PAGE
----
Oliver Dowden (pictured left), the new Culture Secretary, gave a speech at the Enders Media and Telecoms Conference yesterday. He told the audience that "in the coming years we will of course be taking a proper look at our public service broadcasting system and the BBC’s central role within it." He also said that we need to consider three questions. Does the BBC truly reflect all of our nation and is it close to the British people? Does the BBC guard its unique selling point of impartiality in all of its output? Is the BBC ready to embrace proper reform to ensure its long term sustainability for the decades ahead? Continue reading
In an article published in the Daily Mail yesterday, Culture Secretary, Nicky Morgan, wrote: "Twenty years ago Blockbuster, the then heavyweight of video rentals, turned down a £38 million merger offer from Netflix. Today Netflix is worth £50 billion, 1,300 times its offer to Blockbuster – which has gone from 3,000 stores to a museum in Oregon, for people who want to remember what video cassettes look like. Netflix now competes with the likes of Amazon, Google and Apple for dominance of the multi-billion-dollar streaming market. The result is that people now spend three times as much time watching subscription services such as Netflix than they do BBC iPlayer. More children now recognise the names Netflix and YouTube than they do the BBC. I believe, no matter how well-funded these international streaming giants are, UK public service broadcasters are vital". Continue reading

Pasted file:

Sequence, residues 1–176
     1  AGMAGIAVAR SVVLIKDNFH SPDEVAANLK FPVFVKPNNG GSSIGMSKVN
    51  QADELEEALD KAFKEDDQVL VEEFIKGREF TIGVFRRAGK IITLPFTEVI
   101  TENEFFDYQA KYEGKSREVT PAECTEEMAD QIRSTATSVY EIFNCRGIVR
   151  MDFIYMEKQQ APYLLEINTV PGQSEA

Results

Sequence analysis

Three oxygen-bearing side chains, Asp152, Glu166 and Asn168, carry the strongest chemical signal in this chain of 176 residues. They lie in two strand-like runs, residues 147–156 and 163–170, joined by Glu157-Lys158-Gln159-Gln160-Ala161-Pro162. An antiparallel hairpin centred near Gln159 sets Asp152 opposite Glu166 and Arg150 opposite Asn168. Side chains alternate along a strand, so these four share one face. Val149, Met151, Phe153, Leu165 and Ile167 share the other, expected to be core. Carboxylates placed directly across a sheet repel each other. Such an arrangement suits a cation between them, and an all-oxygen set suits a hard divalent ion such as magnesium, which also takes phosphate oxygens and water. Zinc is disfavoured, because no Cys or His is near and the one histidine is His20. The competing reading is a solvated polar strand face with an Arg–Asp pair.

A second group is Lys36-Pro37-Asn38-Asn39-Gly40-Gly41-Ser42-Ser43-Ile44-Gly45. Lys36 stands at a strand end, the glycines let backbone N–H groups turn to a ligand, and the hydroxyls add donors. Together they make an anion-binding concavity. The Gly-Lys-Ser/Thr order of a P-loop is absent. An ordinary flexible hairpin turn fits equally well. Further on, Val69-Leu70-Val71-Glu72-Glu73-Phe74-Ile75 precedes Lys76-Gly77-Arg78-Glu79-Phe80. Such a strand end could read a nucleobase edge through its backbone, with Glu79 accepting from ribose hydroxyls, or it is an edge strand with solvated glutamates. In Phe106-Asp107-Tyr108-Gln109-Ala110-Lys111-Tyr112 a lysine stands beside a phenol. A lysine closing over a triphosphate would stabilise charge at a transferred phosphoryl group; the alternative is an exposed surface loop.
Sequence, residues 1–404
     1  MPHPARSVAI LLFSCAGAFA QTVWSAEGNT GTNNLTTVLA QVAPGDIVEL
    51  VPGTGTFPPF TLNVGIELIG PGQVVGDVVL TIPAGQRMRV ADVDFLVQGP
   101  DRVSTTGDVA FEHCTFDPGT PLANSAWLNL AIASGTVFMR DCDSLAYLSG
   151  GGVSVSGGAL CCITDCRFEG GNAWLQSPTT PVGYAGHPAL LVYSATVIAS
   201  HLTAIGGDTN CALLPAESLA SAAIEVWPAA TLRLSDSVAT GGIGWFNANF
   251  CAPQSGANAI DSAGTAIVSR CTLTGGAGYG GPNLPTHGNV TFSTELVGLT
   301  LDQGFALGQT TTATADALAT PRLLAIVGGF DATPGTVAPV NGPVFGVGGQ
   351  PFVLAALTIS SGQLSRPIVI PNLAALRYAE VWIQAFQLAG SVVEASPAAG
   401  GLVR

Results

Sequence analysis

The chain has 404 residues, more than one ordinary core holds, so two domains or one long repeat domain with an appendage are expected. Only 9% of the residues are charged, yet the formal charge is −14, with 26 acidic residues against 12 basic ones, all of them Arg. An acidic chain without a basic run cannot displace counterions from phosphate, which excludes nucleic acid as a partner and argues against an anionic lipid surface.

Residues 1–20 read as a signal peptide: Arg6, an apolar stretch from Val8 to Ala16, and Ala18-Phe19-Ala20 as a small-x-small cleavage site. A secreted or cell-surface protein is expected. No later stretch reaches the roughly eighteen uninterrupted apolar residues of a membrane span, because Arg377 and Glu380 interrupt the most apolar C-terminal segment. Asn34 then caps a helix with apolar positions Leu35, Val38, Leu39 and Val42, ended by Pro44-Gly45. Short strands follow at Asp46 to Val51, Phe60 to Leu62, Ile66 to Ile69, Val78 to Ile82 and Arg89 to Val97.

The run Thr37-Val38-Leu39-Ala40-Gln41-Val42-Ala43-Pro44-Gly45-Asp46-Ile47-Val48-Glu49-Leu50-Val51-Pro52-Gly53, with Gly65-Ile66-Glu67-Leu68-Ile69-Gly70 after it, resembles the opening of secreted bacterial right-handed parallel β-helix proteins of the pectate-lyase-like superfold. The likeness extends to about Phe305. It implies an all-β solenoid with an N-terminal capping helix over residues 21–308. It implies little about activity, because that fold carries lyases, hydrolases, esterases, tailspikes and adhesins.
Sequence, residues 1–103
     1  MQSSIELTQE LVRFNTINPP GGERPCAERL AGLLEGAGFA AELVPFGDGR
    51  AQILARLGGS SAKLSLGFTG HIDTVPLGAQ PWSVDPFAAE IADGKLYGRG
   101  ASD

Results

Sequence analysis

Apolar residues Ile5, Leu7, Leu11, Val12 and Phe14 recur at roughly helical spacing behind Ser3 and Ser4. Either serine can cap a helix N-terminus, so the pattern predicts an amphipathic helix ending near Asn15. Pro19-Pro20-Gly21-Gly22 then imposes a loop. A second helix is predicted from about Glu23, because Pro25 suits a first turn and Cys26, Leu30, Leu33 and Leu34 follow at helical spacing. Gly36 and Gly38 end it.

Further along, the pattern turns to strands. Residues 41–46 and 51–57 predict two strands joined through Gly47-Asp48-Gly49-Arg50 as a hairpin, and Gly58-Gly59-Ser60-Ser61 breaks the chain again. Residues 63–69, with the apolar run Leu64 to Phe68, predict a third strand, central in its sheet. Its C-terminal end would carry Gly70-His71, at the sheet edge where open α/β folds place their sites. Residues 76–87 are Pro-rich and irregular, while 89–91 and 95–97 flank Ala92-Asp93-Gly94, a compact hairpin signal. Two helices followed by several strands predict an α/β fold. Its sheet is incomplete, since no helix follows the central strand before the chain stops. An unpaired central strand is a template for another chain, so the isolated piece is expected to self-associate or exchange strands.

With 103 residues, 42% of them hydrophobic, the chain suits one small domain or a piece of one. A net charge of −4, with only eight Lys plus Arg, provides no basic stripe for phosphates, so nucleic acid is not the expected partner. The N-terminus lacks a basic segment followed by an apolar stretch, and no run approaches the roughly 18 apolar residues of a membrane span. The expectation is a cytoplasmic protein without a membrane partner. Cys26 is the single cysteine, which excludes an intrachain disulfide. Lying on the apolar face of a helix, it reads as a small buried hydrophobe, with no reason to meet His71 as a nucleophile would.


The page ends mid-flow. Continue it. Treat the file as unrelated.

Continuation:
I gave up watching Newsnight on BBC Two years ago, pretty much at the same time as Jeremy Paxman hung up his boots. Rather like Channel 4 News, the presenters don't try to mask their metropolitan left-wing biases. Probably the most condescending (and humourless) of the lot of them is Emily Maitlis. Continue reading
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The BBC is not exactly popular at the moment after its decision to scrap free TV licences for the over-75s who are not in receipt of pension credit. It has reneged on the deal it negotiated with the Government four years ago, and because the Government is a shambles at the moment, it knew it could get away with it. All we have had from the Prime Minister is a spokesman saying that she is very disappointed with the BBC. I know she is on the way out, but could she not have come up with something stronger than that? The BBC, of course, has painted a doomsday scenario in order to justify its decision. It would have to close down BBC 2 and other channels to plug the gap if it didn't grab the cash from most over-75s. The fact that it is wasteful, has over a hundred employees paid more than the Prime Minister, and pays Gary Lineker £1.7 million a year for commenting on recorded highlights of football matches (something any competent sports journalist could do for a fraction of the cost) doesn't seem to register in the minds of the BBC's top brass. They are more interested in feathering their own nests at the expense of some of the poorest in society. Continue reading